How to decide if you should set up your own SMSF: Ed Chan

How to decide if you should set up your own SMSF: Ed Chan
How to decide if you should set up your own SMSF: Ed Chan

GUEST OBSERVER

Most Australians entrust their super funds to professionals but you can control your own superannuation and invest your contribution yourself.

Managing your super not only gives you the opportunity to take matters into your own hands, you may also save thousands of dollars on fees.

However, you need to know if managing your own super is right for you.

The biggest advantage of setting up your own SMSF is control. You can invest your money the way you want to – in companies, a property or a fixed interest term deposit.

You can choose among a wide range of investment options like direct mortgages, bank deposits, managed funds, direct property and shares.

Another advantage of DIY SMSF is lower fees. If you have over $300,000 in your superannuation, you may be able to operate your SMSF for less than the annual management fees of a company.

You can also use gearing and leverage to purchase assets like shares and property to expand your investment portfolio faster.

Remember that contributions to your SMSF are tax deductible so you can save more tax through franked dividend income and timing your capital gains carefully.

SMSFs also let you buy other assets for a maximum of 15% tax. SMSFs can continue indefinitely and family members may still enjoy this benefit even after the member's death.

However, you should be aware of the disadvantages, too. As a trustee, make sure you comply with super and taxation laws otherwise, you can be charged a hefty fine and even be imprisoned.

You also have to be savvy about investing to ensure that your SMSF is earning more than what a super company could earn. If not, you can choose to appoint brokers or advisors for a fee.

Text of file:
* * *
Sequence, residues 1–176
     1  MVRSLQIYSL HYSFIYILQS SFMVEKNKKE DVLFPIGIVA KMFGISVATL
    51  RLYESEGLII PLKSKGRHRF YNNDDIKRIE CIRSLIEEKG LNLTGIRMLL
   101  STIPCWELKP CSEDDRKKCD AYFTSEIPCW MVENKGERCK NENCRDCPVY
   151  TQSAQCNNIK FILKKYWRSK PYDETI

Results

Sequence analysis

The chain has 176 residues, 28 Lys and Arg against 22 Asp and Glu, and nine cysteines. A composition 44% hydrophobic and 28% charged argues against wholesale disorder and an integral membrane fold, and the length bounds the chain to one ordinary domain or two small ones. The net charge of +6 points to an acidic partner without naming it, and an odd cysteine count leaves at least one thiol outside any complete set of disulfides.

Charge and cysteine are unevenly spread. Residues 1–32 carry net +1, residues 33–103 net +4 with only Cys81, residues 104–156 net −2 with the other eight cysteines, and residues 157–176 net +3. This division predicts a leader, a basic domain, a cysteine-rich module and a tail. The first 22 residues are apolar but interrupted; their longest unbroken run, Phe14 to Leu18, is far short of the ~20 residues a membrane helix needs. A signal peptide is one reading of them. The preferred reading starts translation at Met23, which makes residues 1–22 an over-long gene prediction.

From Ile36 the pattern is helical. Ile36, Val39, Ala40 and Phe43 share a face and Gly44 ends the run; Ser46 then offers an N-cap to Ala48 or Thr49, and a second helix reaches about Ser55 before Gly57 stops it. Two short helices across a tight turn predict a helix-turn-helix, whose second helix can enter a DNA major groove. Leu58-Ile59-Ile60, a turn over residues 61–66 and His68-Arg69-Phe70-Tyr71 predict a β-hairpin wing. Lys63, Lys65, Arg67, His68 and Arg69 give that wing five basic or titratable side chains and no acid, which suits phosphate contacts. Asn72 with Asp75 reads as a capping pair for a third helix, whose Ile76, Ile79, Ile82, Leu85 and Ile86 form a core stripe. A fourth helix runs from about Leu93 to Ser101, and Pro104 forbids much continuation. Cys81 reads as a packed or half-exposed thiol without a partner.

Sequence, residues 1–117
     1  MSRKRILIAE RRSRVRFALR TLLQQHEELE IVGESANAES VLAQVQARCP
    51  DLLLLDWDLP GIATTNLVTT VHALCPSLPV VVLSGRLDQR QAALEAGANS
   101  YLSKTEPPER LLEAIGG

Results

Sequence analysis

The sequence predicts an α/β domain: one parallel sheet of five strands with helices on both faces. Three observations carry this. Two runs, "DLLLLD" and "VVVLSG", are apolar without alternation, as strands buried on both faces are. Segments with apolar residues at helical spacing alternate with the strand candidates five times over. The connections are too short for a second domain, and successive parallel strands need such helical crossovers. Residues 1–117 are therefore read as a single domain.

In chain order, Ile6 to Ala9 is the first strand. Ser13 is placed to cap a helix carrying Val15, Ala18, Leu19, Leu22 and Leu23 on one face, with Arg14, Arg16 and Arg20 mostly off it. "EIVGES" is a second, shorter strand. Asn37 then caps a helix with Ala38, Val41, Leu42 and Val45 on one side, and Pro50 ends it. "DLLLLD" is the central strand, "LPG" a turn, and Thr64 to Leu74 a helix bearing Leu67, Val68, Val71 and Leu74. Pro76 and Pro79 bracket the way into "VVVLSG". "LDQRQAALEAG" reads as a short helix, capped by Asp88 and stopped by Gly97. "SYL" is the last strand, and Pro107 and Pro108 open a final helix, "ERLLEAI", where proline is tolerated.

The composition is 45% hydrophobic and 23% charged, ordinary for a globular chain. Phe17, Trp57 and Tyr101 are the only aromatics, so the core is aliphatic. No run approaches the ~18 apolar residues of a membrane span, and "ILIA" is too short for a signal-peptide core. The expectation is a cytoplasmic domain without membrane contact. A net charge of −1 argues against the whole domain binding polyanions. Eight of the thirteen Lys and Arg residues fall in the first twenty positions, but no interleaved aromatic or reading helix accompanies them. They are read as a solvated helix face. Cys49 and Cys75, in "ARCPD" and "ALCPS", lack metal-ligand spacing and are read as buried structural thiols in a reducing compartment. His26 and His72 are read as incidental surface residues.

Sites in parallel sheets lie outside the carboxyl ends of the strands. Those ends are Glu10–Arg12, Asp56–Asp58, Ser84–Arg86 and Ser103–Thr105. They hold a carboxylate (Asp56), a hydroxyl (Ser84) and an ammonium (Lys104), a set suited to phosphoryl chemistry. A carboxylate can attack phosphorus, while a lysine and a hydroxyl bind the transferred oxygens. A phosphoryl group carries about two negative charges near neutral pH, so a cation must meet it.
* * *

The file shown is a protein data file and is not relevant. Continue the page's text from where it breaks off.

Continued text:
You will also be required to meet all record-keeping and reporting obligations such as transactions and contribution records and annual tax returns.

Just the same, you may want to ask the experts to handle this for a fee. Another downside of setting up your own SMSF is it may be less diversified than it could have been if handled by a superannuation company.

Note that gearing may add to the risk and though super funds sometimes come with insurance coverage, you still have to get an independent life, income protection and total permanent disability insurance that you need.

Do you think you can set up your own SMSF? Why don't you assemble a team of professionals, such as a lawyer, experienced investor, SMSF expert and financial partner to help you?

You can start with a solicitor, accountant, investment strategist and financial planner. Check their fees and accreditation and don't be afraid to get a second opinion.

ED CHAN is founder and non executive chairman of Chan & Naylor Accountants.

Click here to schedule a chat or call one of their local offices.

Ed Chan

Ed Chan

Ed Chan is a founding partner of Chan & Naylor accountants and a leading property tax specialist.

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